George Nakashima was one of 20th-century America’s leading furniture luminaries, until his death in 1990. But far from fading into insignificance, his daughter Mira has carried on the company he founded – and, with it, the family woodwork tradition.
On a late-summer Friday afternoon, two curious photographers are spotted quietly traipsing through the densely forested grounds of Nakashima Woodworker in New Hope, Pennsylvania. “Oh dear,” sighs head designer Mira Nakashima, whose father George started to establish the nine-acre furniture-making compound in 1947. “We’re only supposed to have visitors on Saturdays.”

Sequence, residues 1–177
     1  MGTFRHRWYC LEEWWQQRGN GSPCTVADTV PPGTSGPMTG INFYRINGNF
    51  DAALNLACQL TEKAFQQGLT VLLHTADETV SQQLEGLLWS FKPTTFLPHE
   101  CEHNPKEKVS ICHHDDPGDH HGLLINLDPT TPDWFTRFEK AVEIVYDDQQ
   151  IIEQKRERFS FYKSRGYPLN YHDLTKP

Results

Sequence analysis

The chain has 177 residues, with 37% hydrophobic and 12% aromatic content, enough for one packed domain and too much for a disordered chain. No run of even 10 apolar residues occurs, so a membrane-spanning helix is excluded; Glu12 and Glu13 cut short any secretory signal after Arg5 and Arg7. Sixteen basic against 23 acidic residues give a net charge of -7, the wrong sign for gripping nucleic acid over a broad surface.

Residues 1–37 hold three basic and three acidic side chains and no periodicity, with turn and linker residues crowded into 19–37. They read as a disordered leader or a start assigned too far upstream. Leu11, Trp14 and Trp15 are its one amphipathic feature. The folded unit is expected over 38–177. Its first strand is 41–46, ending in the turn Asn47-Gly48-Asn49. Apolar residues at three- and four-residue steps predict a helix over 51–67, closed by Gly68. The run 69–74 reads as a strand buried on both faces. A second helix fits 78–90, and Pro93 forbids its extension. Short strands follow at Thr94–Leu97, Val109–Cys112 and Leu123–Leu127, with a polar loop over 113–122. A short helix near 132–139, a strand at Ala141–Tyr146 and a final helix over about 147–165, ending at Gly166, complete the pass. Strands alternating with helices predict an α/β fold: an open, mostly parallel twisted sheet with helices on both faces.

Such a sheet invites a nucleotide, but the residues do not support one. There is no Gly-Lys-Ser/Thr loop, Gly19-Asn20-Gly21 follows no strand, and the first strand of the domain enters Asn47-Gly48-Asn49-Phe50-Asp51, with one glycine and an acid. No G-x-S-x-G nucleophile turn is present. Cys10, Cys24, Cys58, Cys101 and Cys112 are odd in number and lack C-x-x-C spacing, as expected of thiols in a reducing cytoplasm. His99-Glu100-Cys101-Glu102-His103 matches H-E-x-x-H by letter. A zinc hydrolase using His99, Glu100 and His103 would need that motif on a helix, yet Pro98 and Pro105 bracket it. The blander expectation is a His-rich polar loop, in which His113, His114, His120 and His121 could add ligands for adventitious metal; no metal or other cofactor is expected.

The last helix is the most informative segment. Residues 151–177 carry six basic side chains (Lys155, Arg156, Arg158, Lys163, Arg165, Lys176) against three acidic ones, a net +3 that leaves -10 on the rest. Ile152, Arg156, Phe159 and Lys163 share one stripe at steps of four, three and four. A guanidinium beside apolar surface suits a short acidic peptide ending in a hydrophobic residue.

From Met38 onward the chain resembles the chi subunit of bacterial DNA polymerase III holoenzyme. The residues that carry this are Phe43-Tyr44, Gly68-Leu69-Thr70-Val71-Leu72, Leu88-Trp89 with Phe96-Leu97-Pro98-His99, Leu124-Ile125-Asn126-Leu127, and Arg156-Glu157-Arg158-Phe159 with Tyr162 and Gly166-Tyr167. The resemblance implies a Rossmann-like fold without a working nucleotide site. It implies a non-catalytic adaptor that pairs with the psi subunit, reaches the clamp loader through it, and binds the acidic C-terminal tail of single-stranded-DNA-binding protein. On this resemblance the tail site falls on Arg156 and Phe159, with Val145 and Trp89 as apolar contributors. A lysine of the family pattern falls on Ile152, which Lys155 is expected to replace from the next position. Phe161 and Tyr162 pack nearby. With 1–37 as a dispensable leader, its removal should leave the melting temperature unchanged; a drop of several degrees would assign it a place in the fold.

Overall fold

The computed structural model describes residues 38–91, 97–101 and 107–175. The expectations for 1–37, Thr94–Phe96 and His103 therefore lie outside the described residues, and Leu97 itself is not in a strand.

Located 65km from Philadelphia, Nakashima Woodworker may seem like a stuck-in-time tourist attraction. But this beautiful complex of wooden sheds, workshops, design studios and private homes actually houses a decades-old family business with its eye increasingly and very firmly set on the future.
At once formal yet unexpectedly funny, 71-year-old Mira leads a team of 10 craftsmen here – including some first hired by George himself. She studied architecture at both Harvard and Tokyo’s Waseda University, before joining her father’s practice in 1970. When the elder Nakashima died two decades later, Mira – by then his chief design assistant – assumed the company’s management. “When Dad died, my initial goal was to simply complete our orders and keep the fellows employed,” she says. “It’s only now that we’re beginning to define what Nakashima truly means and finally thinking about what comes next.”